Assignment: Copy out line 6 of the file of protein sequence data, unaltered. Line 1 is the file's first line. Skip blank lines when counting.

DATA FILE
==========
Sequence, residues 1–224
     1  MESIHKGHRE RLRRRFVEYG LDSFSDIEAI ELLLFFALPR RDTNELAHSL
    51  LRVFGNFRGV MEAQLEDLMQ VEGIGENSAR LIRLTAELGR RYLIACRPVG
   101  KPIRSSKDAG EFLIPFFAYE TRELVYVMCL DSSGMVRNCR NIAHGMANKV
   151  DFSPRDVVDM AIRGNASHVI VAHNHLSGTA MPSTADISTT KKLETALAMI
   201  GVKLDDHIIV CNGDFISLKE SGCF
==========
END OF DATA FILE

   201  GVKLDDHIIV CNGDFISLKE SGCF